So if I reconsider the question about what I see as the main purpose in my life right now, the maxim that I mentioned above very much did not change throughout the better part of the last 30 years of my life. I do consider, hence, the fact that I am pursuing a higher education another a priori given that imposes on me an obligation, since it puts me in a position of helping others in future and present.
Thinking it further, I do not consider the content of what I am doing in any way particularly relevant. As a computer programmer, I am used to, and actually fond of, regularly scrapping days worth of work when I notice it becomes too convoluted, and the simple thought that I was hoping to get to starts to evade. Also, as a quite experienced project manager and worker, I have seen the output of the work of people become irrelevant at a simple decision.
From there, I’ve derived a second maxim that I try to also pass on to my daughter:
- Whatever you do, make the effort to do it well, and let only yourself tell you whether to appreciate what you did—which is much more important than the result.
In other words, whatever you do, don’t contend yourself with mediocrity. Strive to be good at it. And when you’ve done it, be more proud of the honest effort that you put in than of the output, let alone whether it is going to be appreciated by others.
I happen to think that many parents tend to appreciate children for what they think they are — “special” in some way — rather than for what they do. Of course my child is special for me; but in comparison to all other children, my child is in no way more special than most of the others. So I don’t tell my child things like “you’re so intelligent” — I don’t want to create a narcicist, first of all, and also, this does not particularly prepare anyone for times when everyone else tells you that you’re really not special.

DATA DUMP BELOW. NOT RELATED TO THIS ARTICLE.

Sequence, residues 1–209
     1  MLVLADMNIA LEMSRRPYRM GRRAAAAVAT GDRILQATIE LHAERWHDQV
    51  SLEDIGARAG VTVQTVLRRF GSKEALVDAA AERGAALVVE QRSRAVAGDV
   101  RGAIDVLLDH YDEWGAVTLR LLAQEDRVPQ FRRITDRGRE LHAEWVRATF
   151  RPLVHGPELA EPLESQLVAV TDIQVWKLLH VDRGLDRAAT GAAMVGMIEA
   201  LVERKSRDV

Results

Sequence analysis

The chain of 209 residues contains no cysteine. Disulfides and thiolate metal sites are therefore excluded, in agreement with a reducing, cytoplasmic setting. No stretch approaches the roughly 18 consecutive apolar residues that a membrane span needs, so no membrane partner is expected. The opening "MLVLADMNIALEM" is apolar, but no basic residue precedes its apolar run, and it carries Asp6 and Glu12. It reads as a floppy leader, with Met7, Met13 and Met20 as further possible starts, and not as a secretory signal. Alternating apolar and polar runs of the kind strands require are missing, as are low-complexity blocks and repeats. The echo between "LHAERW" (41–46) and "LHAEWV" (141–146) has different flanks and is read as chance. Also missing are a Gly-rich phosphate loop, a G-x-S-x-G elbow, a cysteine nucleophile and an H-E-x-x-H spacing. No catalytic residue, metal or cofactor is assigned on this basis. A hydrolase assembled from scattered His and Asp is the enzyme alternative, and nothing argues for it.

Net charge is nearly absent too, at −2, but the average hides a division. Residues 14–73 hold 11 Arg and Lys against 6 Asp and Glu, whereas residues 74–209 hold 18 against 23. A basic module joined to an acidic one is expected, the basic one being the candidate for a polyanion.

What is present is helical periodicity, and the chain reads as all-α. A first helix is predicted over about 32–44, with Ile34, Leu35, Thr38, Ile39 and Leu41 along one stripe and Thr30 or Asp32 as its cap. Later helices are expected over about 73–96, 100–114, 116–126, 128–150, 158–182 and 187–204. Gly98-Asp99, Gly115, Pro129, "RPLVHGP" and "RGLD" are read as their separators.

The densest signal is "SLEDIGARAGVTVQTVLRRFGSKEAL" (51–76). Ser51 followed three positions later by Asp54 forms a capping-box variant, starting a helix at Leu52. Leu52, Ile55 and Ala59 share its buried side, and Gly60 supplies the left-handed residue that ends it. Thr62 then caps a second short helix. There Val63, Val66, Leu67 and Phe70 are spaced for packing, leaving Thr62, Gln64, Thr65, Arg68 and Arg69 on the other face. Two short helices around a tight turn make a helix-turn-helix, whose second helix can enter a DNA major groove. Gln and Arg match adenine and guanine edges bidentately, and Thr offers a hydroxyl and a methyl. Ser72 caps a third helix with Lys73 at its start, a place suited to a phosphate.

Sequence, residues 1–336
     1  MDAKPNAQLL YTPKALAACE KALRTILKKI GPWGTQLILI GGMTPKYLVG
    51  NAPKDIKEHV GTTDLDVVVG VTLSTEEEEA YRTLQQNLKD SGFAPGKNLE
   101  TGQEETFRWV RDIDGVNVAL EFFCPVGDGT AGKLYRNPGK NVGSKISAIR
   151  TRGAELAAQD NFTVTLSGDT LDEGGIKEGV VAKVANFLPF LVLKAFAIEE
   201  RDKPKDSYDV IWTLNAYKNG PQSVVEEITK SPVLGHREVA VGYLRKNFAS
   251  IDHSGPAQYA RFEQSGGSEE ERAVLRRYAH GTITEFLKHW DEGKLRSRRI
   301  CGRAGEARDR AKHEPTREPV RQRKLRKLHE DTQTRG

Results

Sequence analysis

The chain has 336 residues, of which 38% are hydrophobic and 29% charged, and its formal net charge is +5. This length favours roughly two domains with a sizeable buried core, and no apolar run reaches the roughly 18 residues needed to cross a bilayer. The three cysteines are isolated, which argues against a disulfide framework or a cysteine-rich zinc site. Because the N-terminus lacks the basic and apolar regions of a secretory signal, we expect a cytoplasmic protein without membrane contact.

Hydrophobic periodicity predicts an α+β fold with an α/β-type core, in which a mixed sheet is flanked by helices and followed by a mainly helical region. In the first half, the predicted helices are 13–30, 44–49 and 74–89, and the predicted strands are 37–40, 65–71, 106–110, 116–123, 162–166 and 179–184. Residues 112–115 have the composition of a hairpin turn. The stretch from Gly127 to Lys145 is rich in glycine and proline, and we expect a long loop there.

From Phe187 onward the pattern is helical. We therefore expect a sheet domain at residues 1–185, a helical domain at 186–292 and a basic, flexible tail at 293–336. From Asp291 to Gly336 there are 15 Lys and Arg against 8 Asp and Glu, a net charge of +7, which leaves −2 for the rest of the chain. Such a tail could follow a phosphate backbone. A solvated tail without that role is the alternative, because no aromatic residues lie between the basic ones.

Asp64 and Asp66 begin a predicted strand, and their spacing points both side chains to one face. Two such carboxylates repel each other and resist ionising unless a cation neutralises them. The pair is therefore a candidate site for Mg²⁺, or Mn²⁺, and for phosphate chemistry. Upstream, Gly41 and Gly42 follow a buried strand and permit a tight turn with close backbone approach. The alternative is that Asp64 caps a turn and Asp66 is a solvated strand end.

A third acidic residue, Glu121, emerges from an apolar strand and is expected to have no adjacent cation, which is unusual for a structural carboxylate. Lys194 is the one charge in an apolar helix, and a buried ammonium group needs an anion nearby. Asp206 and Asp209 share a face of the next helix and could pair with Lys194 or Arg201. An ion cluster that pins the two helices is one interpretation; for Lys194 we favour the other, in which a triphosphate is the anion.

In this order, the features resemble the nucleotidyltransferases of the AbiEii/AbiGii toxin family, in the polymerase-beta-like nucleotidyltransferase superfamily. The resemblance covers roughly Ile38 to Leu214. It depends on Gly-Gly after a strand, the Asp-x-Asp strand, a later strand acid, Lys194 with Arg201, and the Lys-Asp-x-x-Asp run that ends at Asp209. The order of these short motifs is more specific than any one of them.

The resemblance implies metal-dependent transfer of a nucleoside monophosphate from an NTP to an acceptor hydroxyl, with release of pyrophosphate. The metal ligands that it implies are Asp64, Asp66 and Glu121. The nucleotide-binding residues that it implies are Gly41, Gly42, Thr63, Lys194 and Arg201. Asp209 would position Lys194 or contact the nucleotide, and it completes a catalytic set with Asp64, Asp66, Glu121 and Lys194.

Rather, when she comes around with the latest creation of hers, and asks me whether I like it, I typically ask back, what do you think? Do you like it? Of course, she says, “yes” (most of the time, sometimes she says no) — but in any case, I tell her, what I like about this that you worked really hard on this. You spent a lot of time on this. That makes me proud.
I don’t know what the average output of other four year old children is, but I was stunned at the end of the year, when I scanned all the artwork that she did over the year, and it turned out to be in excess of a thousand pages of paintings, writings, drawings, etc. While I do mostly work from home, I only had noticed that my printer paper was running down faster than ever in my life, but not really observed how much it was.
I took her by my side, hence, and showed this to her. I said, look, there are here three binders of paper that you have used up over the year for your drawings. I was happy to see that she did not look sceptical at me, fearing any kind of criticism, but rather was beaming proudly. And of course, as she went through all of that and pointed out to me the occasional things that she really liked, I said, you know what, I was not even aware that you have put so much time in this. This is absolutely amazing for me, it is a great pleasure to see how much time you have spent. It truly makes me proud to see how much you do.
In a nutshell, hence, the main purpose that I see in my life is to give, to extend my reach by my own hard work to come in a position to give more, and doing so, motivate others to do the same. There may not remain a lot of any of us that stays after we all go, but, maybe, we can pass on a spirit of give first, ask questions later, or even not at all.